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How to use rigid foam insulation in roof space

msentesy | Posted in Energy Efficiency and Durability on

Context: Central Pennsylvania. Want to convert vented (sofit and ridge vent) cathedral attic space into conditioned space. No plans to replace the roof. Roof cavities are 7.25″. Cost is important, but so is DIY-ability.

Plan so far: Cut and cobble XPS into cavities between trusses, sealing all the way to exterior wall. Assembly stack spray foamed in place:
1.25” ventilation
2 layers of 3” XPS
1.25″ ISO on inside face covering roof trusses

Comments: R~35-40 is lower than we want, so tempted to remove ventilation space. XPS R-value goes up in cold (crucial for us), but will it suffer in heat under a shingle roof? Will 1.25″ ventilation be enough to help with heat? ISO on inside of assembly avoids its R-value drop in cold, but will that risk trapping moisture in the assembly?

Another possible alternative:
1” ventilation
3.5” fibre-faced ISO OR 4″ double foil-faced ISO
3” XPS
1.25″ fibre-faced ISO on inside face covering roof trusses

Comments: R~35-45. Worried about R-value drop in cold, possible moisture issues from double foil face on ISO, and (as above) ISO on inside surface. Heat is fine for ISO, so maybe replace ventilation with more insulation?

The key questions about this are:
i. What boards to use? In what configuration?
ii. Is ventilation useful in this situation or not?
iii. should I consider blowing in cellulose between foam boards? How thick would my board vapor barrier have to be?
iii. how important is the inner layer for thermal bridging? Will using ISO here cause problems?

Thanks!

Mark

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Replies

  1. GBA Editor
    Martin Holladay | | #1

    Mark,
    The cut-and-cobble approach is not recommended for unvented roof assemblies. The likelihood of future air leaks with this approach is high; venting the assembly reduces the risk by providing a mechanism to help dry the sheathing.

    The purpose of the ventilation channel is not to keep the assembly cool. The purpose of the ventilation channel is to reduce the chance of sheathing rot by providing a path for ventilation drying.

    Your XPS won't get hot enough to cause any worries.

    You might want to consider switching from XPS to EPS. EPS is more environmentally friendly. (The blowing agents used to manufacture XPS have a very high global warming potential.)

    There won't be any moisture issues arising from the two facings on polyisocyanurate.

    Don't overthink the question of layers, and what type of foam goes where. In general, including some type of rigid foam other than polyiso toward the exterior will improve cold-weather performance. But even when the weather is very, very cold, polyiso is still a useful insulation with an R-value that exceeds R-4 per inch. It's not worthless.

    Including a continuous layer of rigid foam on the interior to address thermal bridging is an excellent idea.

    Q. "How thick would my board vapor barrier have to be?"

    A. I'm not sure what motivates this question. The cut-and-cobble method results in a low-permeance barrier -- and in any case, there isn't really any need for a vapor barrier in this assembly.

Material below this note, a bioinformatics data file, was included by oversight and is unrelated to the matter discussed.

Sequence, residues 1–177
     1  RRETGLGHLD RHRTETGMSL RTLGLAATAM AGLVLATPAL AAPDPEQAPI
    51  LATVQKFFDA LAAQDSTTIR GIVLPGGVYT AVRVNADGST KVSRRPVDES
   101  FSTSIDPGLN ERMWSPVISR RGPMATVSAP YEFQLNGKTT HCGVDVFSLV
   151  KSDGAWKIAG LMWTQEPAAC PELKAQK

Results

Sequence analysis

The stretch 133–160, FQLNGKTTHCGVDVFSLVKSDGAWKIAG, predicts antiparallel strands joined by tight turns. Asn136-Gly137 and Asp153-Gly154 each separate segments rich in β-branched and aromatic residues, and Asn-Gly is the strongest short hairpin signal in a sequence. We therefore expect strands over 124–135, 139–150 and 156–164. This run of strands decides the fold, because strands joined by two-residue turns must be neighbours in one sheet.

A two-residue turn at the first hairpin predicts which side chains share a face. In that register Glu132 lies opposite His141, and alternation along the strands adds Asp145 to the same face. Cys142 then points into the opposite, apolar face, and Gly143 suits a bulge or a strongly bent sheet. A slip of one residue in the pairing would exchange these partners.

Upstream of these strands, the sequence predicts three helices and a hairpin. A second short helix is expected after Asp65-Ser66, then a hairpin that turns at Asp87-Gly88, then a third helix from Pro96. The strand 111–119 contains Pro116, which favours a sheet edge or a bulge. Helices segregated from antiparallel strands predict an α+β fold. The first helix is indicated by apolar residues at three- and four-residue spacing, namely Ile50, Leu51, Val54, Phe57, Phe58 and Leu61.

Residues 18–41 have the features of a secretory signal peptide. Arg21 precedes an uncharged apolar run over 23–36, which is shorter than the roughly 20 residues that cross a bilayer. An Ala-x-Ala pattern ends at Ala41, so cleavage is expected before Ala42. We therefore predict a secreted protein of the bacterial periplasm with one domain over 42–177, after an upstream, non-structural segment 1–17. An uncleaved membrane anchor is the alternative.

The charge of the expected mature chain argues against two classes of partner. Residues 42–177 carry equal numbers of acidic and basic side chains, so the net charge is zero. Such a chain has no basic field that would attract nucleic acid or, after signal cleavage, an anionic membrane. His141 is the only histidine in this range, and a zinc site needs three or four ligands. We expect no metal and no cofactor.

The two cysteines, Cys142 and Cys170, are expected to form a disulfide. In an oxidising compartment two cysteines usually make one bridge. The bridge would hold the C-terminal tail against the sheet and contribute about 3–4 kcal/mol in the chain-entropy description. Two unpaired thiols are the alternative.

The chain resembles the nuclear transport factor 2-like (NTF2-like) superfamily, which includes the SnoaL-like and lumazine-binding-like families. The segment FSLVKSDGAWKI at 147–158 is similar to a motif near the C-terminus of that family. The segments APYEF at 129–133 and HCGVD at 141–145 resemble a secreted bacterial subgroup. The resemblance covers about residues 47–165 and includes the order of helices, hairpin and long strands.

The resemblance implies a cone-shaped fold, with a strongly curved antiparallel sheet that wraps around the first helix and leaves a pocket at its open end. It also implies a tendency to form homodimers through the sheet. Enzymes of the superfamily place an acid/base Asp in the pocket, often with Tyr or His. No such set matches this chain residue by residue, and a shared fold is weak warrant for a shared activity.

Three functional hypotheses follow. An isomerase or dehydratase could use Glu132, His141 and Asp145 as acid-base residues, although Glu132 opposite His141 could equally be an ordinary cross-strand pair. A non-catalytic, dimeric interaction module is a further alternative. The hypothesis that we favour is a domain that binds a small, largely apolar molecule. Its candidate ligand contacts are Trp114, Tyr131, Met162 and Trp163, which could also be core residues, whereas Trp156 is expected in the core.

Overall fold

For more on vapor retarders, see Do I Need a Vapor Retarder?

    For more on creating insulated sloped roof assemblies, see How to Build an Insulated Cathedral Ceiling.

  2. msentesy | | #2

    Thanks, Martin, this is very helpful. The main reason for using XPS is that I found a supplier of used, cheap 2nd-hand XPS.
    A side note: I agree with the GHG worry with XPS, and apparently they haven't switched to low GHG blowers yet (or at least Google doesn't know about it). Are there safe/good ways of retiring old XPS?

    To reduce the worry about errors and moisture problems, maybe I should apply a very thin layer of spray foam to air seal the roof deck? Does it matter how thick? I was hoping to avoid that with the foam board / spray foam combination, but you're right, it would have to be perfect.

  3. GBA Editor
    Martin Holladay | | #3

    Mark,
    If you are including a ventilation channel, you want the roof sheathing to be able to dry quickly. A layer of spray foam installed against the roof sheathing would retard drying -- so that approach is no good, unless you want to switch to an unvented assembly.

  4. msentesy | | #4

    Yes, the idea would be, that we could remove the worry about air and moisture leaks through the assembly, and also increase our R-value, by replacing the ventilation with foam.

    Or shouldn't I worry much, if we're putting ISO panels on the inside face of the assembly?

  5. GBA Editor
    Martin Holladay | | #5

    Mark,
    The correct answer to your question is: If you want to install spray foam against the underside of your roof sheathing -- and I'm not saying it's a good idea -- in order to create an unvented roof assembly, then do it according to the rules.

    In your climate zone (Zone 5), the code requires that the spray foam layer have a minimum R-value of R-20. (For more information on this code requirement, see How to Build an Insulated Cathedral Ceiling.) Closed-cell spray foam is less risky in this application than open-cell spray foam.

    On the other hand, if you want to create some hybrid approach to an unvented assembly, using cut-and-cobble and spray foam -- what I call the "peanut brittle" approach -- you can. But that approach is riskier, and may not comply with the code.

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